But while Fel doesn't deny that his post at Power 106 affords him an access to rappers and vocalists few others have, he says it ultimately comes down to whether potential collaborators like the beat or not. “If they didn't like the record, they wouldn't do it. If you have a hot record and the relationship is there, then they might, but then it comes down to, Will they do it for free? And I've been very lucky in that regard.” Of course, it doesn't hurt that Fel's been friends with Diddy for years, plays video games at Ludacris' place every time he returns home to Atlanta and has a tight enough relationship with Lil Jon to have played dozens with him until the early hours. But Fel says he's been making beats since he bought his first SP-1200 nearly two decades ago. In fact, it was during a 1999 trip out to Los Angeles to shop some of his tracks that he ran into some colleagues from Power, who saw potential in the then Dallas-based DJ and never let him leave. All the while, he harbored ambitions of becoming an in-demand producer, and even sold a beat or two to the likes of the Luniz and 2pac proteges the Outlawz. But for the most part, Fel focused on his day job as Power's mix-show coordinator and the host of two shows a day, a hectic grind that he readily admits left him a little burned out and rarely in a condition to focus on production.

But in the past year or so, the powers at Power finally eased the reins on Fel, allowing him a chance to build the production career that he's long put on the back burner. While more self-consumed artists might still maintain a little bitterness, Fel seems to have none, with nothing but high praise for his bosses at Power. “I didn't want to use my platform to become a producer, I've had to juggle a lot of things because I didn't want to take advantage of the kindness Power has shown me,” Fel says. “I could've done a lot of these things years ago, but I didn't think it'd be good for the station, so I waited.” His peers have similarly positive things to say about their fellow DJ's ascent.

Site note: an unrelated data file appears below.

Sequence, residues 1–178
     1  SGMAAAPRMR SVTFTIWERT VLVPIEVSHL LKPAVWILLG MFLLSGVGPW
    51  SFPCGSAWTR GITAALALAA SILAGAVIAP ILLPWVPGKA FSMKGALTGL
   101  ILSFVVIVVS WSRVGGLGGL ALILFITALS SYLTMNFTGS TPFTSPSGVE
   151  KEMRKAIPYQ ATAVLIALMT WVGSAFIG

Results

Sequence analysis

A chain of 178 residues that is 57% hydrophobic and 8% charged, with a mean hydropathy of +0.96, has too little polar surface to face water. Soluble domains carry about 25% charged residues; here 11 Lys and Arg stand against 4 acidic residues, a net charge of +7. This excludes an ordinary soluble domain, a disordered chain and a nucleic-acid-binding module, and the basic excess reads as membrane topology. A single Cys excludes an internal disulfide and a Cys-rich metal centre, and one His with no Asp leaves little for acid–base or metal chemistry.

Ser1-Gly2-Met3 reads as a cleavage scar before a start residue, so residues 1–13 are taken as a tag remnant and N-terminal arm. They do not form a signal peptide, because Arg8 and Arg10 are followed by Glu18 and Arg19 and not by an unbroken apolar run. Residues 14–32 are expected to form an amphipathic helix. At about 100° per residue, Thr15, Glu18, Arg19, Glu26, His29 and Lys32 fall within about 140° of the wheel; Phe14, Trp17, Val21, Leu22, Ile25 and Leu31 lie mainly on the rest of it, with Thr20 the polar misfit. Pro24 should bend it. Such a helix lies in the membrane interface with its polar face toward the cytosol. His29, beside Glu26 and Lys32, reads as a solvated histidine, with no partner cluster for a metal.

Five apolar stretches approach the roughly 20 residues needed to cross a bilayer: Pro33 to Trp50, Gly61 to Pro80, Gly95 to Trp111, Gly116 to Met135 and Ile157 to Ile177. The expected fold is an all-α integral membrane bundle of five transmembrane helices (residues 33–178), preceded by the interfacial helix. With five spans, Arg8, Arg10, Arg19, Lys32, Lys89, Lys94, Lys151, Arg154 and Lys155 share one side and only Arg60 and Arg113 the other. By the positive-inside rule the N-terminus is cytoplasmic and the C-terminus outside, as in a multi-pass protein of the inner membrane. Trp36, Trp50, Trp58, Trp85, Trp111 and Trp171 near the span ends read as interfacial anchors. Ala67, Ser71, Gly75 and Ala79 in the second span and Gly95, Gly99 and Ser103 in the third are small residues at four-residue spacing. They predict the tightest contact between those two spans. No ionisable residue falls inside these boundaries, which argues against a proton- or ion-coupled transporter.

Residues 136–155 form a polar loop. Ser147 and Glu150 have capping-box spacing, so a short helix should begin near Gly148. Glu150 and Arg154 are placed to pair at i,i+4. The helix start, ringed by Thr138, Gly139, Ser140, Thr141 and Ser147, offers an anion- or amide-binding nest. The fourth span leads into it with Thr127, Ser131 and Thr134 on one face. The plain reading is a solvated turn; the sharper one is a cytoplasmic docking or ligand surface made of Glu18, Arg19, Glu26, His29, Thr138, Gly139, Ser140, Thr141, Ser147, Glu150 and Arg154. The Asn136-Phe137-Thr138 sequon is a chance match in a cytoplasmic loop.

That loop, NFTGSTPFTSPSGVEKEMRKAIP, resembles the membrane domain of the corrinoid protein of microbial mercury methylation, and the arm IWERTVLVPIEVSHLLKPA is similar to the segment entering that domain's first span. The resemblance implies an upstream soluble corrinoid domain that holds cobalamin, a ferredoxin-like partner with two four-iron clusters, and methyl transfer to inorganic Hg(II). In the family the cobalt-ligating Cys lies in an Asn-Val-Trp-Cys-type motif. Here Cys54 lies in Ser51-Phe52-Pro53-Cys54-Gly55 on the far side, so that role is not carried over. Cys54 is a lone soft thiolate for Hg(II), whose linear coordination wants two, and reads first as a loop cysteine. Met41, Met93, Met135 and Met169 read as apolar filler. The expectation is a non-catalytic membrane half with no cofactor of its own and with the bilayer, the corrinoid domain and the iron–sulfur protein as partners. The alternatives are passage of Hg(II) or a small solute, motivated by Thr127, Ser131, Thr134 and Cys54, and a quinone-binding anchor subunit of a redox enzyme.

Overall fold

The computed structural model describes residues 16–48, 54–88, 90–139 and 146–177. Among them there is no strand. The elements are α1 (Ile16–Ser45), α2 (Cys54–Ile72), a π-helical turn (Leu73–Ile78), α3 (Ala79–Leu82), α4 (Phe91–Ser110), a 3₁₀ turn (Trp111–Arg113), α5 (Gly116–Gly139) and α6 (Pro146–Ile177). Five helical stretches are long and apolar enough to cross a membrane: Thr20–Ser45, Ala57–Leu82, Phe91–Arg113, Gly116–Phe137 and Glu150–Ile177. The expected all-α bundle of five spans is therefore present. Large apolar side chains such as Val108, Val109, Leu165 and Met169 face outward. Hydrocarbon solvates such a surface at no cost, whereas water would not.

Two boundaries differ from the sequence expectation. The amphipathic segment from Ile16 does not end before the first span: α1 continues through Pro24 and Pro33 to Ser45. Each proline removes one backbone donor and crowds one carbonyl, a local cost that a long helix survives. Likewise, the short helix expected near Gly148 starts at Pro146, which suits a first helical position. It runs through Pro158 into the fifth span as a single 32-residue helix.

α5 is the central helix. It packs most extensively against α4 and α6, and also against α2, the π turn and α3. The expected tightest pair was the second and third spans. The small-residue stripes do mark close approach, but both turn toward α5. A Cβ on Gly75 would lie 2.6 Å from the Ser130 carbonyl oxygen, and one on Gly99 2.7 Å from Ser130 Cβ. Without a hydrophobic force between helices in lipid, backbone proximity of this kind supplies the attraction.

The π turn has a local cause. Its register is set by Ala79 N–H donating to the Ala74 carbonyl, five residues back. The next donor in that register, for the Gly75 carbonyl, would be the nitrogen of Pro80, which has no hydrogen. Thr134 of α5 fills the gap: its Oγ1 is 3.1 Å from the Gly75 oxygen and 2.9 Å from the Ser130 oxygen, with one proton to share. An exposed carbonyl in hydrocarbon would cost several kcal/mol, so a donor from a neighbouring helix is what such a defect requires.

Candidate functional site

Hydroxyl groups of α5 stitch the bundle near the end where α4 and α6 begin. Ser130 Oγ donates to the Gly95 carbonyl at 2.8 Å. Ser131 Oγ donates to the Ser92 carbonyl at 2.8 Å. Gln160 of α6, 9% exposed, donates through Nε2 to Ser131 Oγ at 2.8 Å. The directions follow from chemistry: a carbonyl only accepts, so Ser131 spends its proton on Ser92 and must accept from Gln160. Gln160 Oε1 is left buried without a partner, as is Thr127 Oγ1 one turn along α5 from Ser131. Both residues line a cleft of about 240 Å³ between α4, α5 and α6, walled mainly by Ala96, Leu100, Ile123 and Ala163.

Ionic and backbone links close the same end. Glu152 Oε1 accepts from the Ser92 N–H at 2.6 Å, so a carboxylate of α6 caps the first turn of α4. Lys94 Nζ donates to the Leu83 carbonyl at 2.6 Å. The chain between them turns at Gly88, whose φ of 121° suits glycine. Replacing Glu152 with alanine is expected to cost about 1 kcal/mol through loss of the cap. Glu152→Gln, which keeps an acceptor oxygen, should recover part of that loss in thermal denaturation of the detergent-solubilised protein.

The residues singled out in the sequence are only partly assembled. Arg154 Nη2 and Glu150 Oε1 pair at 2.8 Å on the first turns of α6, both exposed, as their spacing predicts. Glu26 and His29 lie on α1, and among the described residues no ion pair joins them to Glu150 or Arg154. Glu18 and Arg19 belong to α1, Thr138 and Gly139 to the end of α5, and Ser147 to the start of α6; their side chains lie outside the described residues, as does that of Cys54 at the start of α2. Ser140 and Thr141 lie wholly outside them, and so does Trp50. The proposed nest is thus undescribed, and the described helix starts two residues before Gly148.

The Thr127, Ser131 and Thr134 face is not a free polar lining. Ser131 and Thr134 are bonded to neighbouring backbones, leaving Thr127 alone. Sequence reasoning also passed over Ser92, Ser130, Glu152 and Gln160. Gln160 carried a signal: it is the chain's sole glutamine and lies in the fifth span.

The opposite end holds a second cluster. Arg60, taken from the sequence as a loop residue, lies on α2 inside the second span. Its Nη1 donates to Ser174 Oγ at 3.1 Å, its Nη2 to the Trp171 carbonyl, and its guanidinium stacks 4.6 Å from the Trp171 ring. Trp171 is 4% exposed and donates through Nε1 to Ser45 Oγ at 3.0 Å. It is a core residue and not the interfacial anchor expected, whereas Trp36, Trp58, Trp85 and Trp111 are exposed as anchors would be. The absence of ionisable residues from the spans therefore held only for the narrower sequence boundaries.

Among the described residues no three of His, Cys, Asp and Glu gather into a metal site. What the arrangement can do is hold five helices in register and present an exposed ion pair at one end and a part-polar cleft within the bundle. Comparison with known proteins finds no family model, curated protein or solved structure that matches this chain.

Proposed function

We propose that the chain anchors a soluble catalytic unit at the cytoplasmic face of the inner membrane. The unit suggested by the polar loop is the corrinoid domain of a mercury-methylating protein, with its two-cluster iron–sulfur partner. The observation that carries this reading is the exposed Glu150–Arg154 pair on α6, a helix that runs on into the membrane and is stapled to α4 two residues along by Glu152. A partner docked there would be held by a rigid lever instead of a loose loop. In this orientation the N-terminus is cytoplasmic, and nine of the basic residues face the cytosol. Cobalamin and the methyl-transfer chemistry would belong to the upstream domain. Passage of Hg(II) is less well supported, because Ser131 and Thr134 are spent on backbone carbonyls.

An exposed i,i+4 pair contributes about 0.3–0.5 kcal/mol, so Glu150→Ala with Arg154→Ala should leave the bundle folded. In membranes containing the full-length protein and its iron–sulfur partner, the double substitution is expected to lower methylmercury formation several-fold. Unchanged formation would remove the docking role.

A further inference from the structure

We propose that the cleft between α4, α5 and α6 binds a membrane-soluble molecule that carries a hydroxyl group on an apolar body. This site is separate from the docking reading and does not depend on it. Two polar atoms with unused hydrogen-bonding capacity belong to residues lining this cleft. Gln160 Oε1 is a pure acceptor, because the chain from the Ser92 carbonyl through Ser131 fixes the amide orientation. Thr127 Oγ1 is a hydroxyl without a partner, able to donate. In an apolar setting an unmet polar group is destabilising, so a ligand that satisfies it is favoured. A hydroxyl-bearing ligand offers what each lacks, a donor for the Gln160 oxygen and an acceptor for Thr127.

“Felli has a great ear for music, and over the past years, he's been very influential in breaking new music here and throughout the country,” E-Man, who doubles as a co-host of Big Boy's Morning Show and Power 106's assistant program director, says. “He knows what a hit record entails and how to put it together. He's got an ear for breaking hits, and now he has an ear for making hits.”

The “Get Buck in Here” video just dropped a few weeks ago, so it's conceivable that the song may have some life in it yet. Either way, it's difficult to imagine another artist capable of corralling DJ Khaled, Pitbull, Fat Joe, Jermaine Dupri, Lil Jon, Akon, Diddy and Ludacris for his first clip. Go DJ is currently slated to be released this spring as an EP, but Fel hopes that when the album is finally finished, the brass at So So Def will acquiesce to put it out as a full-length.

LA Weekly